We also have to bear in mind that newer (and often heavier) rolling stock will be introduced after a locomotive is introduced, although I suppose, as in real life, that is not accounted for when building the locomotive.

Quote
There are so many assumptions underpinning the balancing process that it would be a miracle it we got it right on the first iteration. I think this constitutes a good process for developing the first iteration, and also for converting the feedback from each set into a better subsequent set. We need to have the right levers in the spreadsheet so we can make any kind of adjustment we need to. Just on that point, can Simutrans write a log of journey speeds, loadings, cost, and revenue? Getting actual data out of the sim would help us punch accurate numbers into the balancing process, and to identify where our assumptions were barmy.

I don't think that it can output a log, but the line statistics in the line management window are useful.

Quote
Ha! I just asked this question in the other thread. Real-world depreciation is a percentage of remaining value, so the value decreases at a decreasing rate. By scrap value I just mean depreciated value at the end of the nominated life. We don't have to use that terminology in the sim; I wouldn't change it.
Something that helps weigh into replacement decisions, but since carriages should outlast locos it may not matter all that much.

Given that I hope eventually to change this to an internal market for secondhand vehicles and scrap value, there is no need to tinker with this now.

#### sdog

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##### Re: Towards a balancing spreadsheet for vehicles
« Reply #9 on: January 10, 2011, 07:06:30 AM »
Quote
No one's shot that down so far, although sdog is yet to chime in...
well, you know german brainstorming? link

i'll avoid to look into the spreadsheets now, i have to distract myself a bit less. It is not good that i already accumulated quite a backlog in the first week of the year.

#### moblet

• Posts: 250
##### Re: Towards a balancing spreadsheet for vehicles
« Reply #10 on: January 10, 2011, 11:14:38 AM »
I suppose that the question is this - in real life, are the lifetime profit factors of all (successful) vehicles of a certain type identical, or at least within a narrow range?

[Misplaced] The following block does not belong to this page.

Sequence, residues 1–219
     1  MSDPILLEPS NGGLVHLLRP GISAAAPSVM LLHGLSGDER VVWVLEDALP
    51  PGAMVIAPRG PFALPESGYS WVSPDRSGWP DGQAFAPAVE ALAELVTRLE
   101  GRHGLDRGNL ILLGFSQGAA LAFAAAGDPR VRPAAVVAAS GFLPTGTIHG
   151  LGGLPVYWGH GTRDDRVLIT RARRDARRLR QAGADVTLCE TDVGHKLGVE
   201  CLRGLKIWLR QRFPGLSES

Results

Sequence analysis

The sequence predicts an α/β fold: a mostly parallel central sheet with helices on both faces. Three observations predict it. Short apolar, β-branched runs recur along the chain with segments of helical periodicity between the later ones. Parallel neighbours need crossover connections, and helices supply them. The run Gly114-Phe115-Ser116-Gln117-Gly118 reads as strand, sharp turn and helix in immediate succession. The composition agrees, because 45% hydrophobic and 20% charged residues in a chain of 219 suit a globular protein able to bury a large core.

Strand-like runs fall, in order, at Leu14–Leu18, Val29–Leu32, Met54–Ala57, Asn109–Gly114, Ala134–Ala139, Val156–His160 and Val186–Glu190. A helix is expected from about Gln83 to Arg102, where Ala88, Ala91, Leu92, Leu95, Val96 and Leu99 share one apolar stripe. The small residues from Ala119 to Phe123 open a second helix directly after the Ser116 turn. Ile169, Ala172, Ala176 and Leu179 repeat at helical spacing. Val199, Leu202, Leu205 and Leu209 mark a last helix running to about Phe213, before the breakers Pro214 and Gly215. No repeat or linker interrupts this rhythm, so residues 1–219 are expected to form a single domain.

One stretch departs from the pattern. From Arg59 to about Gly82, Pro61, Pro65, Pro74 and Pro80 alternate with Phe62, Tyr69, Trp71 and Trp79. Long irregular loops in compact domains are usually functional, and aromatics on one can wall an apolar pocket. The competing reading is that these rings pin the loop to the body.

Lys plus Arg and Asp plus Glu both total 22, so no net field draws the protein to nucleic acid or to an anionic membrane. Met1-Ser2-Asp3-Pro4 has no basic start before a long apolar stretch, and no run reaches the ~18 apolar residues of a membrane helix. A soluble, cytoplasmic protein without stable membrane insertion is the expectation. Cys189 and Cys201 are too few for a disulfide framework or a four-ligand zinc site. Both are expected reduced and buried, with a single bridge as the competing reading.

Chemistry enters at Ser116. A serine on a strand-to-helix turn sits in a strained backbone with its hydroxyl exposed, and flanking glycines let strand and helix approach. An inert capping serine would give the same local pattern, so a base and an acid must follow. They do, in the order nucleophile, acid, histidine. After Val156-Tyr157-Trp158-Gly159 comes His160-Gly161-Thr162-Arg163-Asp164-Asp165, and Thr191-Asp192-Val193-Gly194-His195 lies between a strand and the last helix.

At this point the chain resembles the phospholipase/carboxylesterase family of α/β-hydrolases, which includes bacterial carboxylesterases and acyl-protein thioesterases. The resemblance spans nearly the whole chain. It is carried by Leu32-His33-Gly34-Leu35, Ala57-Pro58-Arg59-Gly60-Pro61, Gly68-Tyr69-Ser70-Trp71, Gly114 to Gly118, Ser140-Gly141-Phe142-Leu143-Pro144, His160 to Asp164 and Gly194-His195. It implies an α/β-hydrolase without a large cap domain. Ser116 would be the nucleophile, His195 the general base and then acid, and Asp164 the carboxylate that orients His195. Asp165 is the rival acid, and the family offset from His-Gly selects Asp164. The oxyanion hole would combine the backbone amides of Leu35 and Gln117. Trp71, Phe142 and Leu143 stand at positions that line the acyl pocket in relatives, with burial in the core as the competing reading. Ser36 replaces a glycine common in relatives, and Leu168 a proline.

Probably. They must have been profitable, and even if they weren't, from a playability perspective we have to make sure that every vehicle is profitable if operated sensibly, but at the same time that no vehicle wallops all the others of its era in terms of cost performance. Hold that thought. In the real world different owners operated under different local economic and operating conditions so I wouldn't try to simulate actual profitability.
Quote from: James
If not, then, given that we're trying to simulate reality, we'll be failing if we adopt this model.
"This model" is not a single set of answers, it is a process for generating consciously constructed, and playable, parameter sets. We will almost certainly fail if we don't have any such process. This is an effort to bring some order and efficiency to what is a very large and intricate task, on a "first crawl, then walk, then run" basis.
Quote from: James
My starting point would be to make the simulation as close to real life as possible in significant respects, then put in numbers as close to real-world numbers as possible and see what happens. Don't we want the outcome to be something that we learn from running the simulation on real data, rather than something that we stipulate from the beginning? Of course, if we then need to adjust the values after testing to make the game playable, that's another matter.